Assessing ROI Of A College Degree

In terms of bang for your buck – public colleges may have a better return on investment that previously thought. 

An article in the Washington Post cited an article from SmartMoney magazine, which measured the value of colleges by their graduates’ salaries in proportion to the tuition they paid as students.

However, this is only a “value” metric, and SmartMoney magazine admitted that its scale is far from perfect. Its analysis does not take financial aid into consideration. Some colleges post high tuition prices but offer huge scholarships to nearly every student. It’s a marketing ploy.

Many Ivy League schools fall into that category, as they give out enough financial aid/scholarships to most of their students, which end up reducing the net price by half or more. But, the report still offers some general – but valuable – information.

The report measures a college’s graduates’ salaries at two points: one when they just graduate and another at mid-career. It then forms an estimated, averaged salary.

Dartmouth graduates have the highest salaries of all other grads with mid-career earnings at $123,000. Dartmouth, an Ivy League school, has a rich history of producing high-earning graduates. It ranks 21st on SmartMoney’s list of most valuable colleges, which is about the highest ranking for any private university.

Carnegie-Mellon graduates earn the most right after graduation with $62,400, but the university ranks 23rd on the list of overall value, which is still fairly high for a private college.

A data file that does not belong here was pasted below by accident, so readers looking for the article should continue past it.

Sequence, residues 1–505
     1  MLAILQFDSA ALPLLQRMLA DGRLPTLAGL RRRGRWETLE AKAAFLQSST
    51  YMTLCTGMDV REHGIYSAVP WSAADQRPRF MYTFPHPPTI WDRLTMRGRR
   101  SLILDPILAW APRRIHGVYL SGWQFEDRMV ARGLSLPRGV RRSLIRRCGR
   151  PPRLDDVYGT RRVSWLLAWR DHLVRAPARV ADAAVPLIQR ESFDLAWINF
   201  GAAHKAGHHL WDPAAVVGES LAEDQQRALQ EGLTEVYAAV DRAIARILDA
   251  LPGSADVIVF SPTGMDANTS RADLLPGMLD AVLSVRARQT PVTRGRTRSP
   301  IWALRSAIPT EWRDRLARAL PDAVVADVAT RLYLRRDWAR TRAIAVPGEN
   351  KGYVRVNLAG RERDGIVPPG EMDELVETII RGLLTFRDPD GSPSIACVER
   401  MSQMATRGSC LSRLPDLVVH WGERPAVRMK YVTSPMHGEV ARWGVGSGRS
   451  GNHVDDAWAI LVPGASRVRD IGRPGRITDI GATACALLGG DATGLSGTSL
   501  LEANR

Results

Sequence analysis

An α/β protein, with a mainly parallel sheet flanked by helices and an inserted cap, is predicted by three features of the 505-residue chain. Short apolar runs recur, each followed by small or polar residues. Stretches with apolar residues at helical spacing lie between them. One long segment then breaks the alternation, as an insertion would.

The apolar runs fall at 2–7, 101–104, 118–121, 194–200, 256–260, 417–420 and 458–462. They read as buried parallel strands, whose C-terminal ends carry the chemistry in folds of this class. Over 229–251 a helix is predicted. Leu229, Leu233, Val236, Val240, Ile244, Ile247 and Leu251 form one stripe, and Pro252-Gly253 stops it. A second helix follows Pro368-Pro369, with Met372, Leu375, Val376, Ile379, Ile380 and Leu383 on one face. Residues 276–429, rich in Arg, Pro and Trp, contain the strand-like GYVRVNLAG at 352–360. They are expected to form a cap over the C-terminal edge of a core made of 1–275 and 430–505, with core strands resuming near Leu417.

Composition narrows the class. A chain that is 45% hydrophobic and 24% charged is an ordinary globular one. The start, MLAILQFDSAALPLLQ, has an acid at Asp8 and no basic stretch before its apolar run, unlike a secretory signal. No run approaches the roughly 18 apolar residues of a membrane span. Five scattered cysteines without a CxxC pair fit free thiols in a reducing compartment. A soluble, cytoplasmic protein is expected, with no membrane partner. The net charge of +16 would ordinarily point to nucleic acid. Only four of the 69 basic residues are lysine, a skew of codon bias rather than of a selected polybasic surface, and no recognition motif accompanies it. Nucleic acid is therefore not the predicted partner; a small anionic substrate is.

Sarah Lawrence College has the highest tuition and living expenses in the nation at $148,570. But, that number does not reflect student aid, and Sarah Lawrence College gives out a tremendous amount of student aid. The college’s grads earn a lot of money, and the school ranks at 50 on the overall value list.

The value metric does not consider specific schools within colleges. It only accounts for overall earning figures of all graduates. For example, Purdue, which ranks 7th on the list is a huge engineering school. Engineering is one of the highest-paying fields, and that likely tips the scale in Purdue’s favor.

Again, this list is not completely accurate, and its authors even admit that. This is a good resource to students, but it should not be the only factor in selecting a college.

Here are the top 10 most valuable schools, private and public, according to SmartMoney Magazine.

Private Colleges

  1. Princeton
  2. Dartmouth
  3. Harvard
  4. Carnegie-Mellon
  5. Bucknell
  6. University of Pennsylvania
  7. Colgate
  8. University of Richmond
  9. Cornell
  10. Yale


Public Colleges

  1. Georgia Tech
  2. UT Austin
  3. University of Florida
  4. University of Georgia
  5. University of Illinois
  6. Clemson University
  7. Purdue University
  8. Colorado School of Mines
  9. Miami University (Ohio)
  10. UC Berkeley